Government spending is essential for the US economy, and the amount of capital that flows from the government to US firms has increased substantially in recent years. Despite the economic importance of the corporate-government contracting relationship, we know little about the firm-level financial outcomes associated with government contracts. In this study, I investigate whether the corporate government contracting relationship affects firm-level financial reporting quality. Using a sample of 58,988 US publicly-traded firms from 2001 through 2017, I find that federal government contracting firms are associated with a lower level of discretionary accruals, lower probability of internal control material weaknesses, and lower probability of restatement and fraud as compared to non-government contractors. However, this association is weaker when industry competition on government contracts are lower, and government switching costs in which the cost to find new suppliers are higher. Collectively, my empirical results suggest that having the government as a customer has a positive impact on the quality of financial reports.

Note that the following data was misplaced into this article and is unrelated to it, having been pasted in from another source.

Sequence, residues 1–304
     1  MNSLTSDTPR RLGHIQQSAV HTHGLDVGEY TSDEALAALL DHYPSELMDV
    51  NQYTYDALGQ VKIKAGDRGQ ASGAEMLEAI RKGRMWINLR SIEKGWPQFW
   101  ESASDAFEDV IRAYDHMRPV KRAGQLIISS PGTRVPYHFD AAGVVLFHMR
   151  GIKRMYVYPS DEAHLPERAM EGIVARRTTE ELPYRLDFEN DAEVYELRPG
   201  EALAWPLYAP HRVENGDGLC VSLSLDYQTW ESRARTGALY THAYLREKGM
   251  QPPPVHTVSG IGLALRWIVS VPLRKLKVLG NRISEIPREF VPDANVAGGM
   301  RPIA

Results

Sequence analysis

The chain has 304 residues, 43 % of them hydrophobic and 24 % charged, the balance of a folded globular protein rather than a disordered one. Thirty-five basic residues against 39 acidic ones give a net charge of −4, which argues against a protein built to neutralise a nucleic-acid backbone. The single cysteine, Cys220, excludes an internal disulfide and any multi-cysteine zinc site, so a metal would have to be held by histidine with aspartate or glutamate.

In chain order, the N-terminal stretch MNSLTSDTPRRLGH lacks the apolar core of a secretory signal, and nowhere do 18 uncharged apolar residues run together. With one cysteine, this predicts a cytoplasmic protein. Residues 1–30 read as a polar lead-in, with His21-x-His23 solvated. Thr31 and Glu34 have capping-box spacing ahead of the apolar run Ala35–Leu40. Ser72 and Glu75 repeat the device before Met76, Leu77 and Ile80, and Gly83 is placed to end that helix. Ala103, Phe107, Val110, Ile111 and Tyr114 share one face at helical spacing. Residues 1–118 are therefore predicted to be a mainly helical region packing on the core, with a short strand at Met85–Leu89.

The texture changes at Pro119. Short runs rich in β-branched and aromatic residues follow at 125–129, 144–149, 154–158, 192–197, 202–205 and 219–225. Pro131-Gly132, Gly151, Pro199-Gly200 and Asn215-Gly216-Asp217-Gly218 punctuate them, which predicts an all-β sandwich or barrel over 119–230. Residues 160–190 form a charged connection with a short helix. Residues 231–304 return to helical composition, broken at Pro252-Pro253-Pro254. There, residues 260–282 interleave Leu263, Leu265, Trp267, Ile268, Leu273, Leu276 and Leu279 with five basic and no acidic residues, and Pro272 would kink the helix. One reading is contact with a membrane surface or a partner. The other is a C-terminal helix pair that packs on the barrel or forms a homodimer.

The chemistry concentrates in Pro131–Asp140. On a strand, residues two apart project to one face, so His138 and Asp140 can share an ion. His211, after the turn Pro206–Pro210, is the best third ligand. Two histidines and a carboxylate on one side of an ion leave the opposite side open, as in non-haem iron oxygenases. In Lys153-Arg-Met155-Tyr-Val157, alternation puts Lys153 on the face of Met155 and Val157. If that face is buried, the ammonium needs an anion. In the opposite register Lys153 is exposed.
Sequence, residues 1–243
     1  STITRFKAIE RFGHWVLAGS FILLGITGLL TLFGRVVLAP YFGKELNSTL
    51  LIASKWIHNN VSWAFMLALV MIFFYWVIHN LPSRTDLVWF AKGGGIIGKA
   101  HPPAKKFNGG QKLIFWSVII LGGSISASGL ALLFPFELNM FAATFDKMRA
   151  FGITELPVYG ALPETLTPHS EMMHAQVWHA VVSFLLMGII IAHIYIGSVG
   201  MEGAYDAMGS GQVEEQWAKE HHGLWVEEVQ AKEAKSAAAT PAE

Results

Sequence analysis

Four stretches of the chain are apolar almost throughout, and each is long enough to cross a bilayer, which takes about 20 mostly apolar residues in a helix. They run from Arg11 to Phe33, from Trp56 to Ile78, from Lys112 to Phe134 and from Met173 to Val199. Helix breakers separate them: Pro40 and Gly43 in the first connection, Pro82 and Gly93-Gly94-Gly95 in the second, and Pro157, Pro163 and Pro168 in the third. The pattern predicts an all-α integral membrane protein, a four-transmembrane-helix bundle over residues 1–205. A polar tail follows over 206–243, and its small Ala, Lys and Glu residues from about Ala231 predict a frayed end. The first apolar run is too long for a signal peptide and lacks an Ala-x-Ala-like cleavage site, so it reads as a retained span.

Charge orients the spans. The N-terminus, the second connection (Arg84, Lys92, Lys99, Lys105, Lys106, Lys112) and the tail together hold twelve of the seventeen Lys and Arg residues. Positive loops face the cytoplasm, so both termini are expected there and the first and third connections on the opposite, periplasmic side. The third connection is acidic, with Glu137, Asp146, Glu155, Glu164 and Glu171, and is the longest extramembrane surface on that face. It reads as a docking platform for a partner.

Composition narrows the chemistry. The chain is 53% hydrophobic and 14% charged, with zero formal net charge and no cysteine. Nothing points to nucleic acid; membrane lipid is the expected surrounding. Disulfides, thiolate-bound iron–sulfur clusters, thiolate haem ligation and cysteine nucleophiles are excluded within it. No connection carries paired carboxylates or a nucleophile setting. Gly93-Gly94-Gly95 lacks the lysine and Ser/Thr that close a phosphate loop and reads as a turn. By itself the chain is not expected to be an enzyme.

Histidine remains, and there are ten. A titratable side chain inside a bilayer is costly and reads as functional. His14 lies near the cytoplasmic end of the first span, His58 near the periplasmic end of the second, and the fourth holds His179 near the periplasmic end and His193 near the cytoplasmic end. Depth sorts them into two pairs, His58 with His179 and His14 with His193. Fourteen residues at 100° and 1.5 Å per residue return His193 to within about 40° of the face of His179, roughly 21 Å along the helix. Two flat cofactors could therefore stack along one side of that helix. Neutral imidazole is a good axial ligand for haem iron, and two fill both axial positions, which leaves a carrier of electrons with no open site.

|Commitee:||Thevenot, Maya, Pinsker, Robert, Javakhadze, David|
|School:||Florida Atlantic University|
|School Location:||United States -- Florida|
|Source:||DAI-A 81/12(E), Dissertation Abstracts International|
|Keywords:||Financial reporting quality, Government procurement|
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